If you reside in China, your Internet life within the borders will soon be even more challenging. Last Friday, China's top Internet regulator announced a new set of rules that would force citizens to post comments using their real-world identities on Internet forums and other web platforms. Yes, you heard that right. Anonymity is about to die in the country. The Cyberspace Administration of China (CAC) will start officially enforcing the new rules starting from October 1, 2017, requiring websites operators and service providers of online forums to request and verify real names and other personal information from users when they register and must immediately report illegal content to the authorities. According to the CAC, the following content would be considered unlawful and forbidden from being published online: Opposing the basic principles as defined in the Constitution Endangering national security Damaging nation's honor and interests Inciting national ha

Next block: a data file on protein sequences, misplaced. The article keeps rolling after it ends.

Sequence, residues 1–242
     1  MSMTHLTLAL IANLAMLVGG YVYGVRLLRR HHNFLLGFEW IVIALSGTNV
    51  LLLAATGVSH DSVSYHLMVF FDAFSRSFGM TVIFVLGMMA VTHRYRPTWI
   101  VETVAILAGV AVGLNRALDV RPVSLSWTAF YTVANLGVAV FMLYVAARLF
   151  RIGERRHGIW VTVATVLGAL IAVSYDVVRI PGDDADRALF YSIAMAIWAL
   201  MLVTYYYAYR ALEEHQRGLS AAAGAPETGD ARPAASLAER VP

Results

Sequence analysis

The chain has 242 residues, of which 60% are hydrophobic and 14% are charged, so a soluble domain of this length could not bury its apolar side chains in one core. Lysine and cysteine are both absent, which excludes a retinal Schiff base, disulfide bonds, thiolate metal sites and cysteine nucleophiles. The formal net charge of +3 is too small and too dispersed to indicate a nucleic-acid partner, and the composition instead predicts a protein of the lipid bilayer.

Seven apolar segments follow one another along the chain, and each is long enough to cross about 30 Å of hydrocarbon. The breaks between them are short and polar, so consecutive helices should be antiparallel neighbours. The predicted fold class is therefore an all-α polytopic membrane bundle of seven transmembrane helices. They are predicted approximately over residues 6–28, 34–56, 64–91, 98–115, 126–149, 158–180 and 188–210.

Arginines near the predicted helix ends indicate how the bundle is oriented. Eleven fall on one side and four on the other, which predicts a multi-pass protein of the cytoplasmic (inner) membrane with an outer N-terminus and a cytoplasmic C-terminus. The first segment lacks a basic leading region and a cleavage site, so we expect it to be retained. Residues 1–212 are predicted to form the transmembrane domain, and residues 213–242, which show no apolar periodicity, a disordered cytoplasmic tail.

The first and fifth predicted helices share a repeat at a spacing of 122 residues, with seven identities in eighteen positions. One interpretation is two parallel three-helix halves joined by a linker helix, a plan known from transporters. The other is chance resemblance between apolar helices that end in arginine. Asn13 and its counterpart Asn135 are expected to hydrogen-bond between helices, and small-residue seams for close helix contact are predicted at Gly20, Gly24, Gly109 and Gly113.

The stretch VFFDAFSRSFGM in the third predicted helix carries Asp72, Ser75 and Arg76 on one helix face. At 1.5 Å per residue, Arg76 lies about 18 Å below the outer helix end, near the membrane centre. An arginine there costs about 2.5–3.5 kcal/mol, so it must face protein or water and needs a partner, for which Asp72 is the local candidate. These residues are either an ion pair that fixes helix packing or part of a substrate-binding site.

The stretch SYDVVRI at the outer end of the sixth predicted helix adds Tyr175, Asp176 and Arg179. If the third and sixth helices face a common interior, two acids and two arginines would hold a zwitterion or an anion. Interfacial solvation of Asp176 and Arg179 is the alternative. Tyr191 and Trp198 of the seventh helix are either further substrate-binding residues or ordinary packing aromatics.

Google Chrome Bans Chinese SSL Certificate Authorities WoSign and StartCom

Google Chrome Bans Chinese SSL Certificate Authorities WoSign and StartCom

July 08, 2017Mohit Kumar
As a punishment announced last October, Google will no longer trust SSL/TLS certificate authorities WoSign and its subsidiary StartCom with the launch of Chrome 61 for not maintaining the "high standards expected of CAs." The move came after Google was notified by GitHub's security team on August 17, 2016, that Chinese Certificate Authority WoSign had issued a base certificate for one of GitHub's domains to an unnamed GitHub user without authorization. After this issue had been reported, Google conducted an investigation in public as a collaboration with Mozilla and the security community, which uncovered several other cases of WoSign misissuance of certificates. As a result, the tech giant last year began limiting its trust of certificates backed by WoSign and StartCom to those issued before October 21st, 2016 and has been removing whitelisted hostnames over the course of several Chrome releases since Chrome 56. Now, in a Google Groups post published